Not that I was concerned about anything like that—I just found it interesting. Another facet of the MTA’s cut and run policy for handling emergencies.

Now consider for a moment the two major forces at work on the platform that morning: On the one hand you have someone so desperate, so intent on being a Good Citizen and getting a pat on the head from the cops that he or she was all too willing to drop a dime on a neighbor. Or in this case on an unattended purple Hello Kitty knapsack whose owner, in all likelihood, was nearby.

(I can’t say for sure, by the way, that it was a purple Hello Kitty knapsack—but I wouldn’t have been at all surprised if it were.)

And on the other hand there’s Ms. Oblivious over there. I realize it was still mighty early—not even 6 a.m. yet—and that not all of us are quite together yet at that hour, but my God. How out of it do you have to be to not only leave your bag on a New York subway platform and wander away, but to not even notice when the cops show up, scrutinize and securing the bag, and take it away? I’m amazed she’s remembered to breathe for this long.

I don’t like the fact that we’re told every time we turn around that we’re supposed to be all jittery about forgotten bags. I consider it useless and dangerous and unnecessary. But we are told that, and people are awfully susceptible. Given that, putting a bag down and wandering away is just plain stupid, and she deserves to have her iPod taken away and stomped on  for it. But on the other hand, people who can turn stoolie so fucking easily just sadden me, and cut one more chunk out of my meager faith in humanity.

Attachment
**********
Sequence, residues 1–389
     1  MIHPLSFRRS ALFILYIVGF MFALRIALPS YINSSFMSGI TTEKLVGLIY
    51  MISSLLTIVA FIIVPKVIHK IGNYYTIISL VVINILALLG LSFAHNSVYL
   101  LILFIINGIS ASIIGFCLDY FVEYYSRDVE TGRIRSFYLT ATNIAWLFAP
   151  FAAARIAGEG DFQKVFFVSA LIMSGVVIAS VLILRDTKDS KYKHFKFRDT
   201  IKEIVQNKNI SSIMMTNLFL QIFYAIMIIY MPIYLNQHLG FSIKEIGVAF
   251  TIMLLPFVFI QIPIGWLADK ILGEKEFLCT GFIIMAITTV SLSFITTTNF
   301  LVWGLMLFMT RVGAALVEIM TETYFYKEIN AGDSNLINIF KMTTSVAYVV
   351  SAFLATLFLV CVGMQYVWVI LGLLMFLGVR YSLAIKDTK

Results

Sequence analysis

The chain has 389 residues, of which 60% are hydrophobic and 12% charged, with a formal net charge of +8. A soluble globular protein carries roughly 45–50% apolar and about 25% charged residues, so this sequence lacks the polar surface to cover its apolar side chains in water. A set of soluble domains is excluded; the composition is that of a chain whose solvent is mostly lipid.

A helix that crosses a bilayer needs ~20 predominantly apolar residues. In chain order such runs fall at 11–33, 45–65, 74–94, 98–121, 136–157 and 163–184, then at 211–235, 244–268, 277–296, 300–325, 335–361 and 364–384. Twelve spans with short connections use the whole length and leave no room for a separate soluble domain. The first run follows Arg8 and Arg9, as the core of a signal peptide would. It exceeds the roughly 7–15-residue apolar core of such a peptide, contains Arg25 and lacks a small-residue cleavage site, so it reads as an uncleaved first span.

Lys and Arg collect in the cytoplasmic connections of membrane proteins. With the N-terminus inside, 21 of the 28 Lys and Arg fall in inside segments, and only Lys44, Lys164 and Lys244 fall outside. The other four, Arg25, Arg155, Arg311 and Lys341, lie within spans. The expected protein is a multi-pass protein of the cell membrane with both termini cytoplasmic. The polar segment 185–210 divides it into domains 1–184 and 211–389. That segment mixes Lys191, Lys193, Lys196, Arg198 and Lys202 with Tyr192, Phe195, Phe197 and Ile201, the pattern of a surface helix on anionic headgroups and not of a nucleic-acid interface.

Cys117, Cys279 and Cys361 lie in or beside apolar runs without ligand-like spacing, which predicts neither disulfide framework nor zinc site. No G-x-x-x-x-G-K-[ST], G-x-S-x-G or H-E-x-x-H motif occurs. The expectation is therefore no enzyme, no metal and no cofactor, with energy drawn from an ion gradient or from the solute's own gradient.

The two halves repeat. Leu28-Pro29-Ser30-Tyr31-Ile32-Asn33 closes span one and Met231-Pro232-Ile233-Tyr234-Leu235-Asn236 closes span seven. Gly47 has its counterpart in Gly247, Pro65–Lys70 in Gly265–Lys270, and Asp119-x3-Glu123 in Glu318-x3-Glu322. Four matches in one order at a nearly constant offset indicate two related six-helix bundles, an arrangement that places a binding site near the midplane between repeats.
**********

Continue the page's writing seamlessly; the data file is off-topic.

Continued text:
In a struggle between the criminally witless and those people who can’t ever seem to mind their own goddamn business, who wins? Not me, that’s for sure—I was the one who had to wait an extra half hour for the train that morning on account of their foolishness.

Assholes, both of them.

Later that afternoon, I found myself standing on a different subway platform. It was warm down there, too. It was warm all over.

When the train finally arrived and pulled to a stop, I began heading toward an open set of doors. The conductor was hanging out of his window scanning up and down the train.

As I passed him, I heard him mumble something. Figuring he was just mumbling to himself, I ignored it and  kept walking.

“Excuse me?” I heard him say. “Sir?”

Still not sure he was talking to me, I stopped and turned. Then I walked back to him.

“That’s a hot car,” he told me. “This one over here’s got air.”

I looked back where I’d been headed initially, and saw the people lined up to get in. Man, they were going to be an annoyed, stinky bunch before too long..

I thanked the conductor, not exactly sure why he’d chosen to let me in on this, and stepped into the air-conditioned car.

I suppose it was a kind of snitching, sure, a sharing of privileged information. But at least this time the intent was decent.